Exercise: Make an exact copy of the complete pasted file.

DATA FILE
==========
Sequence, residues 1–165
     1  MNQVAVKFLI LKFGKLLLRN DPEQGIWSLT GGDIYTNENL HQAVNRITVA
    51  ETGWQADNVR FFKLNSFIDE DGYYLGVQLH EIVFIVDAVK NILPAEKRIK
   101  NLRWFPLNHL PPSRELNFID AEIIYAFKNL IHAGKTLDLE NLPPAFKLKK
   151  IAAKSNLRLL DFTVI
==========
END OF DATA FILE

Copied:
Sequence, residues 1–165
     1  MNQVAVKFLI LKFGKLLLRN DPEQGIWSLT GGDIYTNENL HQAVNRITVA
    51  ETGWQADNVR FFKLNSFIDE DGYYLGVQLH EIVFIVDAVK NILPAEKRIK
   101  NLRWFPLNHL PPSRELNFID AEIIYAFKNL IHAGKTLDLE NLPPAFKLKK
   151  IAAKSNLRLL DFTVI